The number of domestic violence consultations in Japan reached a record 82,643 in 2020, the highest since a law against spousal violence took effect in 2001, police data showed Thursday, as people spent more time at home amid the coronavirus pandemic.
The number of consultations over stalking stood at 20,189 last year, down 723 from 2019, but stayed above 20,000 for the eighth consecutive year since 2013.
Among the total number of domestic violence consultations, which increased 436 from 2019, 76.4 percent of the alleged victims were women. By age, 23.4 percent were in their 20s, 27.0 percent in their 30s and 22.9 percent in their 40s, according to the National Police Agency.
A total 75.9 percent of the alleged assailants were men. Of these, 26.3 percent were in their 30s and 23.9 percent were in their 40s.
A record 5,183 domestic violence cases among the 8,778 investigated involved assault, followed by 2,626 cases of bodily harm. There were no murder cases, but 110 cases of attempted murder, the data showed.
There was one case of injury resulting in death, for which a man in his 80s was arrested by Fukuoka police in July for a fatal assault on his wife in her 70s.
Of the alleged stalking victims, 87.6 percent were women. Of all victims, those in their 20s constituted the largest group by age at 34.7 percent followed by those in their 30s at 23.6 percent.
Men made up 80.7 percent of alleged stalkers. Of all stalkers, the largest group by age consisted of those in their 40s at 19.4 percent, followed by people in their 20s and 30s at around 18 percent each and those in their 50s at 12.8 percent. Some were in their teens or were seniors aged 60 or older.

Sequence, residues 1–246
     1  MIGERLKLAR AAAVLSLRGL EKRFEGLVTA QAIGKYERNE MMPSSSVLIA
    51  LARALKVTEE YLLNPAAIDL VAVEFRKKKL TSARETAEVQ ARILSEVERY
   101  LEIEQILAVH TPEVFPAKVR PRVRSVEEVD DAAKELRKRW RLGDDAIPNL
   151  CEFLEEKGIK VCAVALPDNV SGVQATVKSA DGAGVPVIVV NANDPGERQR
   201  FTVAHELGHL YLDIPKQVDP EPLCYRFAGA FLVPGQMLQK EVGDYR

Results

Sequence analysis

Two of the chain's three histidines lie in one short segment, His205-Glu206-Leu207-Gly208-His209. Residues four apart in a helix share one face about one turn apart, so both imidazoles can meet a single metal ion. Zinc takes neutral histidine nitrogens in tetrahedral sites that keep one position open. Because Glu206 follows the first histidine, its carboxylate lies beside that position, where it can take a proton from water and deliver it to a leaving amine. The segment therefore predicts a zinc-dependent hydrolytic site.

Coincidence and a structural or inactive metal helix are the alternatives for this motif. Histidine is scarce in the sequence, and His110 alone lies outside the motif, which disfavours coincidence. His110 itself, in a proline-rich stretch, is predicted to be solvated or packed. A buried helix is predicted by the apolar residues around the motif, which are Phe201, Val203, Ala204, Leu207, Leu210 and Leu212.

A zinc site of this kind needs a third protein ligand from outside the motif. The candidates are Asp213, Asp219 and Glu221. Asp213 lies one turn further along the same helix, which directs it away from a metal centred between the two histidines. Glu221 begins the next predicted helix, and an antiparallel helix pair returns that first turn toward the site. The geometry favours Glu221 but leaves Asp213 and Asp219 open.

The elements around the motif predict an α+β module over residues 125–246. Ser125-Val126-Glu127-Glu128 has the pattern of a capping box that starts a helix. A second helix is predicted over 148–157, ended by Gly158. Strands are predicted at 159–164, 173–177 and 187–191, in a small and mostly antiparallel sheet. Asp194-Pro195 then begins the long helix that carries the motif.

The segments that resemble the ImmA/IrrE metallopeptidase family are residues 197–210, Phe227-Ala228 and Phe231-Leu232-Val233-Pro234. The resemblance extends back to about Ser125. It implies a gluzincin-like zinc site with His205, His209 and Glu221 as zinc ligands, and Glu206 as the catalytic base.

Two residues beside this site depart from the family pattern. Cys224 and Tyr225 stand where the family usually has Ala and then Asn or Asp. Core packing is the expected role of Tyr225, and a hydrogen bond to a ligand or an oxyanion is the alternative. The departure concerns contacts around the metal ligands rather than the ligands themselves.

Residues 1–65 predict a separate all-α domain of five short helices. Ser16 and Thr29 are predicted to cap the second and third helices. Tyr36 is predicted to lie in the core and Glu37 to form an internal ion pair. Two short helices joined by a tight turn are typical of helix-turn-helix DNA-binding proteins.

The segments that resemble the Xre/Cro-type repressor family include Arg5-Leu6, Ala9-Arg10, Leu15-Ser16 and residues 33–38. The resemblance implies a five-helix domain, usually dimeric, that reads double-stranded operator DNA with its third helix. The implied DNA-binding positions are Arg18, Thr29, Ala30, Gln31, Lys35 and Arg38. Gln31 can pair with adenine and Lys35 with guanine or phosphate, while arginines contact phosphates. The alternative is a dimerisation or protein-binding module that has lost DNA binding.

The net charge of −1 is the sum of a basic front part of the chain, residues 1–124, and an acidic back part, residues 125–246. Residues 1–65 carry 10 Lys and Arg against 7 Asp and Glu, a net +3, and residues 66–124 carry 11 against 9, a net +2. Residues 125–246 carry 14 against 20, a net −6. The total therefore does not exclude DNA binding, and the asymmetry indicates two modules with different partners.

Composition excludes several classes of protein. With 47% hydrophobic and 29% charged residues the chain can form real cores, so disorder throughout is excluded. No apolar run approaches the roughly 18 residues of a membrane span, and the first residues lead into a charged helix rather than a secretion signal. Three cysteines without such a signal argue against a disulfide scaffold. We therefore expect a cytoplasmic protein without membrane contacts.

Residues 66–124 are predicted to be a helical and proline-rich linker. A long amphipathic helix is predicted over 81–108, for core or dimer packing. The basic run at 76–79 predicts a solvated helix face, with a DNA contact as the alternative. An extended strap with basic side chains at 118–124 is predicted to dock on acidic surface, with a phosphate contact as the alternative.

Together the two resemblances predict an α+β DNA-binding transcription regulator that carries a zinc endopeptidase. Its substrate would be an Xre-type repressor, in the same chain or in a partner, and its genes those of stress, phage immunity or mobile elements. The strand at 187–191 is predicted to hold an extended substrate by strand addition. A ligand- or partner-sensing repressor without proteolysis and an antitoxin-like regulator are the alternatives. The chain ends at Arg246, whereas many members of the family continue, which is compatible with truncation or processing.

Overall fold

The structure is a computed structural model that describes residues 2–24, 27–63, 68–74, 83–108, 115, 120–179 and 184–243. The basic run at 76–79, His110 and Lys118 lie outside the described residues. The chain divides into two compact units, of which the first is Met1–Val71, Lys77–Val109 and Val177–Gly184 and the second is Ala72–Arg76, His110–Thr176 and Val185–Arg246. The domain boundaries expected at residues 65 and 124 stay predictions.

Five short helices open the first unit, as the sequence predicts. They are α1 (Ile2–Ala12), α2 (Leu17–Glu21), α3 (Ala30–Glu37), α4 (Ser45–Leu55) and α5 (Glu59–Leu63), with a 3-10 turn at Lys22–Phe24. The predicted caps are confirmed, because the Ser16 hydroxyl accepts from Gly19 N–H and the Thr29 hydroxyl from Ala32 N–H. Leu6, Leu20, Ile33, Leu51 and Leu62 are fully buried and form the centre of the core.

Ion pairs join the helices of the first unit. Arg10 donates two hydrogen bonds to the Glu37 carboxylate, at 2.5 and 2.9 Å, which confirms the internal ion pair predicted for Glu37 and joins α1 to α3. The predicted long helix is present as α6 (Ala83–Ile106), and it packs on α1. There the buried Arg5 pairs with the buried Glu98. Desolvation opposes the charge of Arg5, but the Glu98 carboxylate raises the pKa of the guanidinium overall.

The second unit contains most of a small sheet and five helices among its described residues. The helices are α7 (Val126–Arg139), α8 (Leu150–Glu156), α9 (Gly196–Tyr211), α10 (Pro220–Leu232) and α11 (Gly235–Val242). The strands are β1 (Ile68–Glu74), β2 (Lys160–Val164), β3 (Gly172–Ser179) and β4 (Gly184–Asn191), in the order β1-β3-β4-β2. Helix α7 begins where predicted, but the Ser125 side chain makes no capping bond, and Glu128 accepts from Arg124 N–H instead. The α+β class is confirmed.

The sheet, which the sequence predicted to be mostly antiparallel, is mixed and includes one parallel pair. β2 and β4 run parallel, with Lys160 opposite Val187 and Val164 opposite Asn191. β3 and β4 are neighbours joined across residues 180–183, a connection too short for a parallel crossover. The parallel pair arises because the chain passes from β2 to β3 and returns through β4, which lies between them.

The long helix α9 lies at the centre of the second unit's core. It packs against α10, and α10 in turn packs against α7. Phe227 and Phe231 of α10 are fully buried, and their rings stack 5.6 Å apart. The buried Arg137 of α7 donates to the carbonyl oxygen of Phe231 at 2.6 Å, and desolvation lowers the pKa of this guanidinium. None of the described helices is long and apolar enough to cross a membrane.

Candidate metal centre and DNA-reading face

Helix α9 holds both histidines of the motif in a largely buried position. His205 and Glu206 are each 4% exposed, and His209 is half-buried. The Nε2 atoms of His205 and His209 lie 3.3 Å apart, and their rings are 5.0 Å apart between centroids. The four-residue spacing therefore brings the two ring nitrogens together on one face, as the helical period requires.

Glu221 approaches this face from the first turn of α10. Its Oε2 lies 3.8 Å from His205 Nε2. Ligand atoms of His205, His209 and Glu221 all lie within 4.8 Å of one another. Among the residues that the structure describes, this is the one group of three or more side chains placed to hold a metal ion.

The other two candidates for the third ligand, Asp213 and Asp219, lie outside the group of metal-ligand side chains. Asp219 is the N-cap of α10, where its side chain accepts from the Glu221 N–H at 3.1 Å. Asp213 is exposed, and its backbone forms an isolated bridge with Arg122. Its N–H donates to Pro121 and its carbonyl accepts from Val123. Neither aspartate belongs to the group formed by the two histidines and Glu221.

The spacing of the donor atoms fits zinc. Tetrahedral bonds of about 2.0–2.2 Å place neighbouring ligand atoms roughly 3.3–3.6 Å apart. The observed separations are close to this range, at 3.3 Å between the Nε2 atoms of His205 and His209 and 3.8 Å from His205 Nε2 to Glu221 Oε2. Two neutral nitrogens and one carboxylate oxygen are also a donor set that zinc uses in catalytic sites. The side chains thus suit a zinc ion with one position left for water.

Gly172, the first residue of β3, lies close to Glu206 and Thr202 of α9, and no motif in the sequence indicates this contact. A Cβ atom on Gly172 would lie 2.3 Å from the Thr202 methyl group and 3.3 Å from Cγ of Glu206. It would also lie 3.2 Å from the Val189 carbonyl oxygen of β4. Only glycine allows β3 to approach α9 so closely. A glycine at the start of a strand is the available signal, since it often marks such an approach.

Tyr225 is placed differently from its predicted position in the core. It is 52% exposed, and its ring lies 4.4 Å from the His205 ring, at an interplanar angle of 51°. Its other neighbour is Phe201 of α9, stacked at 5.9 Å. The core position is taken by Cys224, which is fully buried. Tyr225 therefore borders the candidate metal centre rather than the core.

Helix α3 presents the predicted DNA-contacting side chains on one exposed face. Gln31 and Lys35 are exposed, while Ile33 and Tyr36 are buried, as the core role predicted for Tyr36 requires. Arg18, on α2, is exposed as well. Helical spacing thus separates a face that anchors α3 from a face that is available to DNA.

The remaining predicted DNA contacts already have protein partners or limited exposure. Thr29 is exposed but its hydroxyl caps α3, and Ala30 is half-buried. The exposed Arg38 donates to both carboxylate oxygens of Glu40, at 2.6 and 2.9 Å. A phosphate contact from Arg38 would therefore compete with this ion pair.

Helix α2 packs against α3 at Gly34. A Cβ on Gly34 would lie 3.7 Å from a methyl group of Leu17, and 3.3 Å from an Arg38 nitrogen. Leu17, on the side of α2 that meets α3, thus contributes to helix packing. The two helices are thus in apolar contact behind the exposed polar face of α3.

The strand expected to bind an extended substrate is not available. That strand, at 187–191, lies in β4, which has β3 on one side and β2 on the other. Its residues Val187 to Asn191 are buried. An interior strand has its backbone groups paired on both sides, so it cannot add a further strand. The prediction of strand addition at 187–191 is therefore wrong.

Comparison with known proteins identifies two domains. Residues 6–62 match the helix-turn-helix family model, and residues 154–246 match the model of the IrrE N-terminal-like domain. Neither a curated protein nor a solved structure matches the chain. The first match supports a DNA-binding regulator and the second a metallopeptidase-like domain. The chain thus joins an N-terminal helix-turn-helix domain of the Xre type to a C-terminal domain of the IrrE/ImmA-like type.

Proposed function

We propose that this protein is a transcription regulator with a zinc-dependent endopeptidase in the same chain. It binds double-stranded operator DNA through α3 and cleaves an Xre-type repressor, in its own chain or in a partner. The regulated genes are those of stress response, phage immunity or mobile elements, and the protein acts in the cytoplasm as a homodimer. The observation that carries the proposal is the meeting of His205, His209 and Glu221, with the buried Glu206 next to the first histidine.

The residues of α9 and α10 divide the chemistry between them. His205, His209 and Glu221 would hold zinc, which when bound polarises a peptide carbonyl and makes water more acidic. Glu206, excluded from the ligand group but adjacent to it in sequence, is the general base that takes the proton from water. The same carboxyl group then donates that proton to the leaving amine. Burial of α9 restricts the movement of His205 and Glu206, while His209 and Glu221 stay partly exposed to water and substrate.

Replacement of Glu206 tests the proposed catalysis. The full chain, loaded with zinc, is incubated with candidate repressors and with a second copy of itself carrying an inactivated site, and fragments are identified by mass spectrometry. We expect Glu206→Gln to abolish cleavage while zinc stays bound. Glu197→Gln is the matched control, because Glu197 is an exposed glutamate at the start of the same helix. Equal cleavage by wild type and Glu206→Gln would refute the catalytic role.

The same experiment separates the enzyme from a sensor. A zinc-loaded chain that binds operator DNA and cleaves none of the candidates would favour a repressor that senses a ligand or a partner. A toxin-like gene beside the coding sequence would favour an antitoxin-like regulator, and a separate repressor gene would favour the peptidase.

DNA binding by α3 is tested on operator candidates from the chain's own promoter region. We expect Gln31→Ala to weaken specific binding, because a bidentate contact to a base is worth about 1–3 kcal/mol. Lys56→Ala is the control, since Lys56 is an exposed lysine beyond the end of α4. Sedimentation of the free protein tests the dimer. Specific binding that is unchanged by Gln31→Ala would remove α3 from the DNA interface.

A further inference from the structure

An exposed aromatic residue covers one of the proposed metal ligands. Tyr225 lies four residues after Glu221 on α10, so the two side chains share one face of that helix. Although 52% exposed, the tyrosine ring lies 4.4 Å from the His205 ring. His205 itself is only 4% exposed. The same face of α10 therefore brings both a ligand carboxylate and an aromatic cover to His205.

As for the relationship between victim and perpetrator, 40.8 percent were those who were or had been dating, while 7.4 percent were current or previous spouses or common-law partners. Cases involving strangers made up 7.8 percent.
The police investigated 2,503 stalking cases in 2020, up 148 from the previous year. Assault and bodily harm made up 1,518 cases, while 985 were violations of the anti-stalking law.
There was just one murder case, in which a 45-year-old woman working in a convenience store in Utsunomiya, Tochigi Prefecture, was stabbed in August by a 41-year-old man, who committed suicide immediately afterward.
The government is aiming to enact a bill to revise the law against stalking at the current parliamentary session through June to ban the misuse of GPS for monitoring victims, among other measures.